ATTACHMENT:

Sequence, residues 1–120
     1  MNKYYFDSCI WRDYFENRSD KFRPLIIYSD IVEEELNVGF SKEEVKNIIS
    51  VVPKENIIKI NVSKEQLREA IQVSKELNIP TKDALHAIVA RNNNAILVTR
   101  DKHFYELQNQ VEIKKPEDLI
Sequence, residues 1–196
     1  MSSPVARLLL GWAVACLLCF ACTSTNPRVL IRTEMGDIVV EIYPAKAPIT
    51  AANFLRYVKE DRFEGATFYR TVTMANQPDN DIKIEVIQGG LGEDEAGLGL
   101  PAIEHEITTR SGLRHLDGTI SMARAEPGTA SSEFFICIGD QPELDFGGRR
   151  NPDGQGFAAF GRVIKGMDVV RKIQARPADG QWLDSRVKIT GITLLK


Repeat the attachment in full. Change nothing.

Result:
Sequence, residues 1–120
     1  MNKYYFDSCI WRDYFENRSD KFRPLIIYSD IVEEELNVGF SKEEVKNIIS
    51  VVPKENIIKI NVSKEQLREA IQVSKELNIP TKDALHAIVA RNNNAILVTR
   101  DKHFYELQNQ VEIKKPEDLI
Sequence, residues 1–196
     1  MSSPVARLLL GWAVACLLCF ACTSTNPRVL IRTEMGDIVV EIYPAKAPIT
    51  AANFLRYVKE DRFEGATFYR TVTMANQPDN DIKIEVIQGG LGEDEAGLGL
   101  PAIEHEITTR SGLRHLDGTI SMARAEPGTA SSEFFICIGD QPELDFGGRR
   151  NPDGQGFAAF GRVIKGMDVV RKIQARPADG QWLDSRVKIT GITLLK